“Our country draws a direct parallel between the former apartheid regime and the Israeli occupation of Palestinian land.” South Africa considered Palestine, like Western Sahara, as “unfinished decolonisation struggles”. 

Monyela said the government had backed Palestine’s cause at every opportunity on the world stage. And over the past two years, South Africa had stepped up pressure on Israel. This included catalysing discussions on whether Israel was committing the crime of apartheid.  

At the next session of the Human Rights Council in Geneva, Michael Link, the Special Rapporteur of the Occupied Palestinian Territories (OPT) would be releasing his report on the crime of apartheid in the OPT.  

“His findings, together with a possible legal opinion from the International Court of Justice on the same matter may lead to South Africa and indeed all other countries, based on respect for international law, to review its diplomatic stance in relation to the government of Israel,” Monyela said. 

“The situation is dynamic and South Africa will ensure that its diplomatic presence is strategic and geared towards ending the occupation,” Monyela said.

“South Africa is determined to continue working with the international community to launch a credible, time-bound, multilaterally-sponsored political process to resolve the issue of the Palestinian cause based on international law.”

Monyela’s statement that SA might review its diplomatic stance on Israel appeared to be a hint that Pretoria could sever or at least further downgrade diplomatic relations with Israel, depending on Link’s findings. 

But this seems unlikely, according to observers, who believe that Pretoria is very aware that completely cutting relations with Israel would have significant economic repercussions, in part because of the important role which Jewish business people play in the South African economy.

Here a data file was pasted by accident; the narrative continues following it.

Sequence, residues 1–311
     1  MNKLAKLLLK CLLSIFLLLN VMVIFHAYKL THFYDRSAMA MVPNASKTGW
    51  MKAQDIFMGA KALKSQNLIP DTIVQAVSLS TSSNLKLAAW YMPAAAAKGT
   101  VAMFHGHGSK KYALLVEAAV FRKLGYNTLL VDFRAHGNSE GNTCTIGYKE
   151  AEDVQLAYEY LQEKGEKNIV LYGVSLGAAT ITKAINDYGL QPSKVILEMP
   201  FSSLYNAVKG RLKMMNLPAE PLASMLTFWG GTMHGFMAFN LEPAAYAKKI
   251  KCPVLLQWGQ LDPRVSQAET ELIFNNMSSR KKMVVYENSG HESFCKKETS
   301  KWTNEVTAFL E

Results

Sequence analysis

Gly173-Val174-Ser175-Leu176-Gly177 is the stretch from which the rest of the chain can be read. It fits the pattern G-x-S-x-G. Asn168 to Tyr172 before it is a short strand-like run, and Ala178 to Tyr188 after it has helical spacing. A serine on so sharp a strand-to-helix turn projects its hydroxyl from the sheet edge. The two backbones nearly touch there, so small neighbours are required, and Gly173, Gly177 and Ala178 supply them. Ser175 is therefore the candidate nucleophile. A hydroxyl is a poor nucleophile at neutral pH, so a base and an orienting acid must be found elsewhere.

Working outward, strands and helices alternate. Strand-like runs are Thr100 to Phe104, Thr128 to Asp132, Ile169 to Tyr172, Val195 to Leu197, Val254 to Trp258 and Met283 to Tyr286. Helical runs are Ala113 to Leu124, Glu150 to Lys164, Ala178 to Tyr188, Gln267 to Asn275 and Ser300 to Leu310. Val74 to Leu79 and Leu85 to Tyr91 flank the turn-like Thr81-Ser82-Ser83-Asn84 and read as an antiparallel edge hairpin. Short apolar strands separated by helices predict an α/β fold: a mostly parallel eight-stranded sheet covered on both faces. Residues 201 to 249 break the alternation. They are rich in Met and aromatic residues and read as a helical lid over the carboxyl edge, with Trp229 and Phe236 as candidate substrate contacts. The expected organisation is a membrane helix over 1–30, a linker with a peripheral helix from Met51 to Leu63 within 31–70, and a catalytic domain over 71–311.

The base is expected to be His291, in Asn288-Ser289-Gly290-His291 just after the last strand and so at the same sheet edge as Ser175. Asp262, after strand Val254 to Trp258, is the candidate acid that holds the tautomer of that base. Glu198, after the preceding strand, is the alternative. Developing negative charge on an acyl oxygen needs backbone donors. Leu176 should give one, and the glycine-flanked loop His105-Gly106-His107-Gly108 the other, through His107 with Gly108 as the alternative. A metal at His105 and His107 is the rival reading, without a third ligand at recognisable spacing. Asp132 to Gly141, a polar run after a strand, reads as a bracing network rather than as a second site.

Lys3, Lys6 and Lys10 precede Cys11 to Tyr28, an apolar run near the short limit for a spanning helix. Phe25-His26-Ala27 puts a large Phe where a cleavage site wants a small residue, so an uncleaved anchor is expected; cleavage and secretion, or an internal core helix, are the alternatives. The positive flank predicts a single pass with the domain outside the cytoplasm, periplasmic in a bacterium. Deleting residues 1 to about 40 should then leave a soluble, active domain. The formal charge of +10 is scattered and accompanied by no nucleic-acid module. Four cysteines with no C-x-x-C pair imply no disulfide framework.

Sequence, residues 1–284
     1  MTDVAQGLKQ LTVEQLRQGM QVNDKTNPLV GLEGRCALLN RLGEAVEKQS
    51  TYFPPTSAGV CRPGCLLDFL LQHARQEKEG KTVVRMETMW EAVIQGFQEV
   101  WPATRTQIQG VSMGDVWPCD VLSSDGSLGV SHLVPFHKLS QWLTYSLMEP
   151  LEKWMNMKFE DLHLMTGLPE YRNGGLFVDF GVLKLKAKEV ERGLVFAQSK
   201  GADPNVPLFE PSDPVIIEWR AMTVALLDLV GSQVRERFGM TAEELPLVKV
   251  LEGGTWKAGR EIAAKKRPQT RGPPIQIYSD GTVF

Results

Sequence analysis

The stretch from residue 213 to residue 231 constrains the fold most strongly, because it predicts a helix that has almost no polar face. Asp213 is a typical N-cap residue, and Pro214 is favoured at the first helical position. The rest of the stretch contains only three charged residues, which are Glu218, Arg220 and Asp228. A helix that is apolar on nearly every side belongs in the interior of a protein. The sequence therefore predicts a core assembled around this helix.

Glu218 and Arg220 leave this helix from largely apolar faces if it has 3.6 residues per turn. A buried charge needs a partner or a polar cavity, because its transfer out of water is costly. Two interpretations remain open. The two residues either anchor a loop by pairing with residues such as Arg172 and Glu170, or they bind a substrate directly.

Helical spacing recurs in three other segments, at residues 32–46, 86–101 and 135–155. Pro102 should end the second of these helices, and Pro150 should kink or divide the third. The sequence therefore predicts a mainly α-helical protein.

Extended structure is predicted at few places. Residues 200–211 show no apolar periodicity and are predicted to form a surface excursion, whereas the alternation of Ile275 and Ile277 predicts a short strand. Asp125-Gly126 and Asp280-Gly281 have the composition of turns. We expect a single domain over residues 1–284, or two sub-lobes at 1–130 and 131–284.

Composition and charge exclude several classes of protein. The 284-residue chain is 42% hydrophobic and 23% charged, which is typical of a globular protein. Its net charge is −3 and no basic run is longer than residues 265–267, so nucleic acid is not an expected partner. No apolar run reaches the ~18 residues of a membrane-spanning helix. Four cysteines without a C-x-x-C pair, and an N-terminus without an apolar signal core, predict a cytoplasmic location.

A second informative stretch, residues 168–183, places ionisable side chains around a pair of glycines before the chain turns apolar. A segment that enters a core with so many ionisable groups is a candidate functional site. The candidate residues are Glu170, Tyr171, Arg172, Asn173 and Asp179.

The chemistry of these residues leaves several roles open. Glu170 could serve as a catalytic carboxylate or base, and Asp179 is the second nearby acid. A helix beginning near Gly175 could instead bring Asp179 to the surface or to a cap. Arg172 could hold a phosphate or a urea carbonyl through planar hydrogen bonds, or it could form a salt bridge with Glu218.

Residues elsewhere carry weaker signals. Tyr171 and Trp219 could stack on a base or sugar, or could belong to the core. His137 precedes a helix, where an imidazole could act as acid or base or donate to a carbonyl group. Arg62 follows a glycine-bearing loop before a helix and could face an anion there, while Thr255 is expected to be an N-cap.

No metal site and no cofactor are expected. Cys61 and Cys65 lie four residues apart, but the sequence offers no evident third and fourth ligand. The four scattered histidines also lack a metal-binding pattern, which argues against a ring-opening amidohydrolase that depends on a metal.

Pretoria is also concerned about the negative impact such a break might have on its relations with the international community, including investors. And it also wants to keep open the possibility of making some sort of contribution to reconciliation efforts between Israel and Palestine. It hasn’t done much in that direction anyway — in part because it is perceived as pro-Palestine and anti-Israel and therefore not an independent mediator. But severing diplomatic relations with Israel could abruptly terminate any chance at all of playing a mediation role. 

Against that backdrop, Monyela’s strong statement was probably intended to placate not only the vocal BDS faction, but more particularly the hardliners within the ANC and tripartite alliance. They were the ones responsible for adopting the tough resolution on Israel and Palestine at the December 2017 elective ANC conference at Nasrec which directed the South African government “to immediately and unconditionally downgrade the South African embassy in Israel to a liaison office”.

That has not quite happened. When the term of SA’s ambassador to Israel, Sisa Ngombane, expired in 2018, the government did not renew it, effectively downgrading the embassy a notch. But it has not reduced the embassy to a mere liaison office. It still functions as an embassy.

And so with the next ANC elective conference looming in December this year and Ramaphosa likely to face criticism from his rivals in the RET faction that he has not fully implemented all ANC Nasrec decisions, a strong anti-Israel statement served the purpose of demonstrating that the government was still ideologically in line with the governing party. DM 



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  • In this instance the SAJBD got the ball of discontent rolling by mentioning Palestine in their letter. Why? What has Palestine got to do with the acceptance of the ambassador’s credentials?